Jul 15, 2021TECH & DESIGN
Next-generation energy management systems can change the future of electric vehicles
Energy management suitable for user needs, and the architecture that makes this possible
Battery electric vehicles (BEVs) are not just cars in which the internal combustion engine (ICE) of a gasoline vehicle has been replaced with an electric motor. The powertrain which drives the vehicle must be changed, and the energy control framework has to be completely restructured. Let’s take a look at the types of energy management systems (EMS) we can expect to see in next-generation BEVs of the near future.
Thermal Management Systems R&D DivYu Ofune
Yu Ofune studied mechanical systems at university and has pursued fundamental research in computational fluid dynamics (CFD). After joining DENSO in 2004, he took charge of development and design of new exhaust-system heat exchangers. He has been involved in developing thermal management systems since 2017, particularly those for electric vehicles.
Systems Development for Smart City DivMitsuharu Higashitani
Mitsuharu Higashitani studied optimization algorithms at university and began working at DENSO in 2007. He currently develops system control architecture and standardized system simulators to facilitate implementation of energy management applications, thus helping to build the foundations for vehicle EMS.
Contents of this article
How EMS can change BEVs
— BEVs have spread in recent years. Complex air conditioning systems are used in gasoline vehicles powered by ICEs in order to keep the vehicle cabin comfortable. How are these same systems handled in BEVs?
Higashitani: Energy management for air conditioning and other such systems is completely different for ICE-powered vehicles and BEVs. In gasoline vehicles, the ICE is also a powerful heat source, and its heat can be directly used by the car’s heating system. Therefore, ICE vehicles rarely have a problem securing sufficient heat resources. In a BEV, however, battery power must be used to create the heat, which may reduce the power available for vehicle movement and thus reduce maximum travel distance.
― Today’s ICE vehicles incorporate “eco mode” features such as moderate accelerator-pedal response and AC setting changes to improve gas mileage. Is this different than the BEV EMS you’re describing?
Ofune: The eco modes in ICE and hybrid vehicles simply reduce output. With BEVs, we have to consider the unique characteristics of the battery units themselves, infrastructure-related factors such as charging point locations, and many other things. Simply reducing output is not an effective solution.
Higashitani: In particular, BEVs face some major challenges related to battery temperature. Internal resistance causes the battery to heat up, and if it becomes too hot its performance begins to drop. Every battery has an optimal operating temperature range, and the temperature at which it is actually operated can affect its lifespan. The EMS is used to maintain optimal temperature and cool the battery when necessary.
― It seems that gasoline-powered engines tend to heat up a lot more.
Higashitani: With an ICE, even if the vehicle is driven at high speed and the engine becomes very hot, the radiator can be used to release heat and cool it again. The batteries used in BEVs are difficult to cool down once they have heated up, which is why a good balance must be maintained between heat for the AC system, energy used to move the vehicle, and the temperature of the battery itself. Energy management is needed to achieve this balance, and compared with ICE vehicles a longer-term energy plan is required for BEVs. This is my current research area—technologies to achieve comprehensive energy management for the BEV as a whole.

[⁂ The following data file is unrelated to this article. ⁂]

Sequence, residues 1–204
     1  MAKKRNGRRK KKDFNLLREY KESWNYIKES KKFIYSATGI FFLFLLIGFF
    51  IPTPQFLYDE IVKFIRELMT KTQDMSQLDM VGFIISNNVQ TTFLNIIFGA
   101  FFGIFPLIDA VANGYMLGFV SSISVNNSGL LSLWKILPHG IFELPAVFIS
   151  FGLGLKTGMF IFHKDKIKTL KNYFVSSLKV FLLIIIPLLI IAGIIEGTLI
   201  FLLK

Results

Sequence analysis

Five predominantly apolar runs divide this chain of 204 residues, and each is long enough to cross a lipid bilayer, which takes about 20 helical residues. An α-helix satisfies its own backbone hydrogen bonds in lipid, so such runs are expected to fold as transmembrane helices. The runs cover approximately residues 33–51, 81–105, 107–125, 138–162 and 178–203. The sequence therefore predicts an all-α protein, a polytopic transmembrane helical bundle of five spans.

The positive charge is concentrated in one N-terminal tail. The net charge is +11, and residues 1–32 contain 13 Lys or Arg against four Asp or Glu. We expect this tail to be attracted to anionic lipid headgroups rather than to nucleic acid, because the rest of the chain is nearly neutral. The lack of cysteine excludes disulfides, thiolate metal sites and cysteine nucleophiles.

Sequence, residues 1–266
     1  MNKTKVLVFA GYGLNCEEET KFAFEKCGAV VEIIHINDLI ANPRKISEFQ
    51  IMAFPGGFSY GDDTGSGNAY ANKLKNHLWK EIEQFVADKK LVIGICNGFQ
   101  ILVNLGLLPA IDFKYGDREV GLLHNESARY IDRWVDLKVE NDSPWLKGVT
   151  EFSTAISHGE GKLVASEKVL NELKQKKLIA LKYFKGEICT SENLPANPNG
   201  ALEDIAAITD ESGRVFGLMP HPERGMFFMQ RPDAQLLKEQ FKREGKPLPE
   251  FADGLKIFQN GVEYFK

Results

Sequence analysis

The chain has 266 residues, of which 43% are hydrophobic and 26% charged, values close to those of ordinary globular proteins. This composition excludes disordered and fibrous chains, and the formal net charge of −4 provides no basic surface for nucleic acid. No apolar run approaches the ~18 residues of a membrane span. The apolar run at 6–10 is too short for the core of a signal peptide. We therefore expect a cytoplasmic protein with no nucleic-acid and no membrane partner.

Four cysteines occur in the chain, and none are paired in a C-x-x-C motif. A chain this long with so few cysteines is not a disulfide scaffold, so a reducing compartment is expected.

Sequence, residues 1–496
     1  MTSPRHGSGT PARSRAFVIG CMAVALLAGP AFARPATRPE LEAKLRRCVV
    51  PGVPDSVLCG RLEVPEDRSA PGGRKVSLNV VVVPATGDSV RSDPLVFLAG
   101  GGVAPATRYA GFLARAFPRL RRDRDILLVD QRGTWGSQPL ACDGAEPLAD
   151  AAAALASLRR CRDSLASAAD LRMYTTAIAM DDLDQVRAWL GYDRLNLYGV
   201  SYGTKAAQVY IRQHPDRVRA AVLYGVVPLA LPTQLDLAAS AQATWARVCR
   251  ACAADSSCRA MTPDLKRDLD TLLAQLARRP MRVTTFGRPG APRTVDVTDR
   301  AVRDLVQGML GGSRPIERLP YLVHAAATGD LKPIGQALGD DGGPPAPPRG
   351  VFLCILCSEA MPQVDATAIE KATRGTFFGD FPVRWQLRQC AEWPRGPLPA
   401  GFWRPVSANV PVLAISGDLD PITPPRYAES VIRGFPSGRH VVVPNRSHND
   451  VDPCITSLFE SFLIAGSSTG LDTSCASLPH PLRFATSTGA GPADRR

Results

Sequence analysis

Cleverly designed cars that adapt operations to user needs
— What type of energy usage is involved in your longer-term energy plan?
Ofune: Let’s say you are making a 500-kilometer trip and want to get to your destination as quickly as possible. With an ICE vehicle, the faster you drive the faster you will arrive. But with a BEV, this same logic may not apply, because the faster you drive the hotter the battery becomes. Moreover, when you stop to rapid-charge your vehicle along the way, the high electric current flowing into the battery heats it up even more.
Continuous raising of the temperature in this manner can cause battery malfunction or damage, so with a hot battery it’s necessary to use less current and charge more slowly to keep it within a safe temperature range. In other words, high-speed driving causes the battery to overheat, which slows the charging time. That means driving faster may not get you to your destination more quickly.
EMS can help solve such problems by adjusting to the specific user and usage. One possible solution is to keep the vehicle speed down until the mid-journey charging station, thus reducing charging time and ultimately shortening the total trip time. Rather than simply getting there faster, some users may prioritize maximizing the life of their battery, while others may want to minimize electricity costs. By implementing energy management for the vehicle as a whole, it’s possible to achieve car usage styles that meet a wide variety of user needs.
― In order to fully achieve this type of functionality, the vehicle’s architecture itself must be redesigned, correct?
Higashitani: That’s right. Today’s BEVs use electronic control units, or ECUs, for each system or section of the vehicle—the powertrain system, air conditioning system and so forth. Similarly, the battery has its own ECU. Vehicle manufacturers determine battery parameters at the outset based on expected usage conditions and styles for the BEV in question, and ECU control is tailored to these parameters. Battery temperature predictions must be very precise.
Also, in order to suitably manage energy for the vehicle as a whole, a sort of “control tower” is necessary to oversee vehicle system operations. One such control tower is the central ECU, which collects various information from throughout the system and issues operation orders. We’re researching the logical architecture for designing such central ECUs.
― How does central ECU processing work?